All he needed to do was jump-start a dead boat battery, and then we could cast off the lines and head out for the day of fishing we had planned. It should have been simple.

fishing without a fishfinder

Have you become over-dependent on your fishfinder?



“Red goes on negative, right?” he asked. Before I figured out that it was a serious question as opposed to a joke, a shower of sparks erupted from the bilge. When he looked up, his eyebrows were gone. But we weren't about to give up on eight hours of fishing that easily. I pulled the battery out of my truck, swapped it for the boat battery, and away we went. Unfortunately, when he tried to turn on the electronics they were dead as a doornail. My buddy’s electronics weren't properly wired with fuses, and the power surge had fried their little brains. If we were going to catch fish, we’d have to alter the plans a bit. Here are a few fishfinder-free tactics that helped us fill the cooler.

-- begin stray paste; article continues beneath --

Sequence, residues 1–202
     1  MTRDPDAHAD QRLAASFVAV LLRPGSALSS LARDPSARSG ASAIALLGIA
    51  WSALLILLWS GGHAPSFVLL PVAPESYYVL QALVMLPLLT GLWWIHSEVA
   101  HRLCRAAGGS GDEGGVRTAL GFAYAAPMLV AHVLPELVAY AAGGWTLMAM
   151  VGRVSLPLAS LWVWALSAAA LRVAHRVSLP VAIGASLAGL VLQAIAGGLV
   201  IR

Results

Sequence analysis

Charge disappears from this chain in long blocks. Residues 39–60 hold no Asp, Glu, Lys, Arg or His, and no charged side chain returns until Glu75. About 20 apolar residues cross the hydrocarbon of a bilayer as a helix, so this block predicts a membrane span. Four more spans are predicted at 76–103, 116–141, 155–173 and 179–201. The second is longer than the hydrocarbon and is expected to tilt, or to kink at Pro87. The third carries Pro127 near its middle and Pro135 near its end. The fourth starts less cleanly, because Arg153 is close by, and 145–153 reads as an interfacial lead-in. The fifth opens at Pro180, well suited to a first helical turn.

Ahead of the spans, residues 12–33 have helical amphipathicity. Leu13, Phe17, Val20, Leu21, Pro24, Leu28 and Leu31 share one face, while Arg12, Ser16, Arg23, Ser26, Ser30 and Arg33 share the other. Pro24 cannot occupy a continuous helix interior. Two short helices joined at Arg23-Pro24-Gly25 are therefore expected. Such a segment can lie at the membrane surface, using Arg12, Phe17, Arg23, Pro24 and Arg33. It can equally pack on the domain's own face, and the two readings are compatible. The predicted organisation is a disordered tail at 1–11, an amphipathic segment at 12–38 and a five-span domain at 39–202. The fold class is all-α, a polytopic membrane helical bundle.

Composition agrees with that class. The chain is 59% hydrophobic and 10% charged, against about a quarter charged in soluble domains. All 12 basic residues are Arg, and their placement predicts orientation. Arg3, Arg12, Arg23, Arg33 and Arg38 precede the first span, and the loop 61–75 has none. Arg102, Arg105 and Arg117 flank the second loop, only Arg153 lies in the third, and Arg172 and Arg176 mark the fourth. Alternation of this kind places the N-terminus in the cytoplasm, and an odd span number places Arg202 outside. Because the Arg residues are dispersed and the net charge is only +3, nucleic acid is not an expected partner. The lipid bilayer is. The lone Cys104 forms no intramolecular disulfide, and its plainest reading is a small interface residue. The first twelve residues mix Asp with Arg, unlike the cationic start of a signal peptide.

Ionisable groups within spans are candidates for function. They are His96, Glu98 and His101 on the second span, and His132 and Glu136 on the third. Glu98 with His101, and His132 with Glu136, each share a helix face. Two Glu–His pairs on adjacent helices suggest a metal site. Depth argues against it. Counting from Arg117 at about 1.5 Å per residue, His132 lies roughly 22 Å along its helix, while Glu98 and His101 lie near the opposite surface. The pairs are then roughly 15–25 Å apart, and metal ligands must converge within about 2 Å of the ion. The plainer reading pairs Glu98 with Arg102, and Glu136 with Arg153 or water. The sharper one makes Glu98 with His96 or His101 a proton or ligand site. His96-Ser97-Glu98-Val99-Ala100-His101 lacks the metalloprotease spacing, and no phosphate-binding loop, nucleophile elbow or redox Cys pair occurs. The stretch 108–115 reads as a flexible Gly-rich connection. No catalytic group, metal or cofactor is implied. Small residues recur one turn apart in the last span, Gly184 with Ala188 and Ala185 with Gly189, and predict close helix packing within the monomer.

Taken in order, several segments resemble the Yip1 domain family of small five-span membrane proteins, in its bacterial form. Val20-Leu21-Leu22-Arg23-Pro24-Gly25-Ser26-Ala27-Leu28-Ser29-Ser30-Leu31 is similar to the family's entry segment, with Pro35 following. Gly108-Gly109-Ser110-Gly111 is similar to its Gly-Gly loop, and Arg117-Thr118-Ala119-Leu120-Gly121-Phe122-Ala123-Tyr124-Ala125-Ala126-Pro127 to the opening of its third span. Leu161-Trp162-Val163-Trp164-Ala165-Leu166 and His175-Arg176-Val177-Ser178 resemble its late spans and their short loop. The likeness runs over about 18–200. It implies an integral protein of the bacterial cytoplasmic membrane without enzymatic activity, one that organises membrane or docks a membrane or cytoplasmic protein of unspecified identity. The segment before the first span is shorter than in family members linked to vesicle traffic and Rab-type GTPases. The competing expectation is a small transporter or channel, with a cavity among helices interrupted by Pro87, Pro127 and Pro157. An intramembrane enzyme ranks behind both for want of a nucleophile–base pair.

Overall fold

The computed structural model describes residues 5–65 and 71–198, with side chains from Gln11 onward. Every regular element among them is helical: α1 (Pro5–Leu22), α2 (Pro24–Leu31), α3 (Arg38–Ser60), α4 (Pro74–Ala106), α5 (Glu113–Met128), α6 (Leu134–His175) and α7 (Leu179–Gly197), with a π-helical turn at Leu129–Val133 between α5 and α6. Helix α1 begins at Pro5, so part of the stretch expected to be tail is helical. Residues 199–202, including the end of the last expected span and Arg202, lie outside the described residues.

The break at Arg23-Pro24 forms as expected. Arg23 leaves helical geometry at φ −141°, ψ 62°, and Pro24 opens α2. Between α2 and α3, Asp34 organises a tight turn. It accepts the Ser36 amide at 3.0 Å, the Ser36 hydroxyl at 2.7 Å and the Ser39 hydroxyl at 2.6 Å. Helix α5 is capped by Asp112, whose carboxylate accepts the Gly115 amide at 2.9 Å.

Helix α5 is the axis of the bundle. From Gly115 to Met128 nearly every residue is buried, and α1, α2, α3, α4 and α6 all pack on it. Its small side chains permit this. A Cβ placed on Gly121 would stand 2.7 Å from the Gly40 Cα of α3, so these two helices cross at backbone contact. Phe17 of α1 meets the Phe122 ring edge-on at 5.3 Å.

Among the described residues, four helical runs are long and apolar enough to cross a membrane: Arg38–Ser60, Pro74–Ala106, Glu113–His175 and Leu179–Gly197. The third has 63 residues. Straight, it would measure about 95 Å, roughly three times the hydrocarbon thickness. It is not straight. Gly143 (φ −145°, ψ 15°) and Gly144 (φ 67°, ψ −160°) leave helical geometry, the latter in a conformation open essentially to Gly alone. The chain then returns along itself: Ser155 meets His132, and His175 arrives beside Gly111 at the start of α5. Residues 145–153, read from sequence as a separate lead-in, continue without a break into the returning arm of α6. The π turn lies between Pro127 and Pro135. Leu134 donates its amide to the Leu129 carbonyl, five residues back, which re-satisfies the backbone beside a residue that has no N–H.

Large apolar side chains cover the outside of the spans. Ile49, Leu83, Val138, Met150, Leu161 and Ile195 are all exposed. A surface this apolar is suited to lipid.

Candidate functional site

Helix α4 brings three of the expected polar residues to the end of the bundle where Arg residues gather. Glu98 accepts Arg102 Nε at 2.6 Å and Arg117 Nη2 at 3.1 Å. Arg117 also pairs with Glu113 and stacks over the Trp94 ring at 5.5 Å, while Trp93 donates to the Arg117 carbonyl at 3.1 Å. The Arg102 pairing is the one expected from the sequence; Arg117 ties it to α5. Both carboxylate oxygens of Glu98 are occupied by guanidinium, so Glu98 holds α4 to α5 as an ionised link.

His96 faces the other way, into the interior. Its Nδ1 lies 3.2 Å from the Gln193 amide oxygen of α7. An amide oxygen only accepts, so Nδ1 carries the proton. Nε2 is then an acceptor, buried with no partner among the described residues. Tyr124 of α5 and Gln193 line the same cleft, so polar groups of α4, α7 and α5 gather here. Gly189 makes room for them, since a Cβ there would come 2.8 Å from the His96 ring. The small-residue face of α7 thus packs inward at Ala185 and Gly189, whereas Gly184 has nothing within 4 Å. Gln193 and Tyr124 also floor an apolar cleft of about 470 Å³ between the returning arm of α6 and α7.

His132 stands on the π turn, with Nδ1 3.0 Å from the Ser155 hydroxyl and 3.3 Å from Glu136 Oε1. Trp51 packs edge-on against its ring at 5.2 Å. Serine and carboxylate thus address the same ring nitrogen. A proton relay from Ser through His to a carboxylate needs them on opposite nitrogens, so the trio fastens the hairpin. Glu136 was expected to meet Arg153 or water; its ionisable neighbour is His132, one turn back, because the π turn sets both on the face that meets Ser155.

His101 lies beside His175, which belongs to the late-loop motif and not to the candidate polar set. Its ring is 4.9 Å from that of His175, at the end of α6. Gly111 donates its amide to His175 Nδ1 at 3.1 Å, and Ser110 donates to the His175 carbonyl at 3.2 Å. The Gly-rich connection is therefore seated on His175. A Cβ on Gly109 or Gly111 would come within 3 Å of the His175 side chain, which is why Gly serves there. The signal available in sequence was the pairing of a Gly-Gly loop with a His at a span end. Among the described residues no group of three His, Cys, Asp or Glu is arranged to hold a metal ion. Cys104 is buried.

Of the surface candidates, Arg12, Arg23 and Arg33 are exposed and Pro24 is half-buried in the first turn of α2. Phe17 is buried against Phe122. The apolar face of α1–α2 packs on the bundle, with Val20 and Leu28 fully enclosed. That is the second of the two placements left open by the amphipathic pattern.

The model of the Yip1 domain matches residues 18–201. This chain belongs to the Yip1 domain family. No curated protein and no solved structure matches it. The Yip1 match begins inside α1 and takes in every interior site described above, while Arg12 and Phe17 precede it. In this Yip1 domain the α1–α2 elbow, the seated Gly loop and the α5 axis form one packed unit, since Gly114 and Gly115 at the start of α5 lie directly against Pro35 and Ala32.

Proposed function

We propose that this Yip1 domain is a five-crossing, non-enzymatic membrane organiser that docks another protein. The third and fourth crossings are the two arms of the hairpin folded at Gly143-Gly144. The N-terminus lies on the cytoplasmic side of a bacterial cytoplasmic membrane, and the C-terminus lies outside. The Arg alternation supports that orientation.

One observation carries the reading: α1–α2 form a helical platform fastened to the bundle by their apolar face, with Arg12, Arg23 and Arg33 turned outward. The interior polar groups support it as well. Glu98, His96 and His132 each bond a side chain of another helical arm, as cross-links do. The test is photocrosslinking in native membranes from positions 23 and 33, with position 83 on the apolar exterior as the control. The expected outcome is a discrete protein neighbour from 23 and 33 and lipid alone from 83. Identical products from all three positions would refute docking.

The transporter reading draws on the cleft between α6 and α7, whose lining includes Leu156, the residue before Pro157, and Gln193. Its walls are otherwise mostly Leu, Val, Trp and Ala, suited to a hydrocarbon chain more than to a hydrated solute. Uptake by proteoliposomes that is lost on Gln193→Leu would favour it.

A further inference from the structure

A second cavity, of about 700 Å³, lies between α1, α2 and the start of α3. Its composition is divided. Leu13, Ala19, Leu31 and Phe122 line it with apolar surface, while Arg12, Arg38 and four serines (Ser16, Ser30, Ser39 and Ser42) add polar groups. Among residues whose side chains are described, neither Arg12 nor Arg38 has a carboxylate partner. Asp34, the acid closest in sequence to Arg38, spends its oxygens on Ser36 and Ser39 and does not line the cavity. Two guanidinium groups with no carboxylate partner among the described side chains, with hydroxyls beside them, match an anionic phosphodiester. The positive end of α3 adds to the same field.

1. Traditional depth-finding: To locate a near-by drop-off, I clipped a 10-ounce weight on the end of my fishing line. Then I slowly bounced it along bottom until feeling the edge.

2. Cross-current trolling: Since we couldn’t monitor our trolling speed but we knew the approximate RPM setting from experience, we trolled cross-current. That eliminated the need to bump up or drop down speed as we turned against or with the current.

3. Mark the spot: When we started catching fish, we marked the spot with by dropping a float tethered to a weighted line. Before fishfinders and GPS were common everyone carried a float to mark spots, and you should still have one on board, just in case.

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